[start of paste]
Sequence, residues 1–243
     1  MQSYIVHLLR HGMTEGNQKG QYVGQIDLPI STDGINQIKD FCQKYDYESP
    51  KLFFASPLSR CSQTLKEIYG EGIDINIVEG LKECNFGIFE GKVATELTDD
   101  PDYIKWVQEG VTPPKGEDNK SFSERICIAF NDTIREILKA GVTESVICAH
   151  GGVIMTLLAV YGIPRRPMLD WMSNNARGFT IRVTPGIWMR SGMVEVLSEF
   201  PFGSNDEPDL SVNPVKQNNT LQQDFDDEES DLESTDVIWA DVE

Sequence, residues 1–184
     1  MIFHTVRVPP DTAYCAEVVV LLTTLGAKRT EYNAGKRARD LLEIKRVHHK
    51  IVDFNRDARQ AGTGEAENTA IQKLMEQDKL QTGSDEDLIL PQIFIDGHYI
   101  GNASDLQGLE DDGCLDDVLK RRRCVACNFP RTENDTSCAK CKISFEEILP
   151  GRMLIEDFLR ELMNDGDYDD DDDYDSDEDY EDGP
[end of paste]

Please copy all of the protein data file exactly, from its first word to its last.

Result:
Sequence, residues 1–243
     1  MQSYIVHLLR HGMTEGNQKG QYVGQIDLPI STDGINQIKD FCQKYDYESP
    51  KLFFASPLSR CSQTLKEIYG EGIDINIVEG LKECNFGIFE GKVATELTDD
   101  PDYIKWVQEG VTPPKGEDNK SFSERICIAF NDTIREILKA GVTESVICAH
   151  GGVIMTLLAV YGIPRRPMLD WMSNNARGFT IRVTPGIWMR SGMVEVLSEF
   201  PFGSNDEPDL SVNPVKQNNT LQQDFDDEES DLESTDVIWA DVE

Sequence, residues 1–184
     1  MIFHTVRVPP DTAYCAEVVV LLTTLGAKRT EYNAGKRARD LLEIKRVHHK
    51  IVDFNRDARQ AGTGEAENTA IQKLMEQDKL QTGSDEDLIL PQIFIDGHYI
   101  GNASDLQGLE DDGCLDDVLK RRRCVACNFP RTENDTSCAK CKISFEEILP
   151  GRMLIEDFLR ELMNDGDYDD DDDYDSDEDY EDGP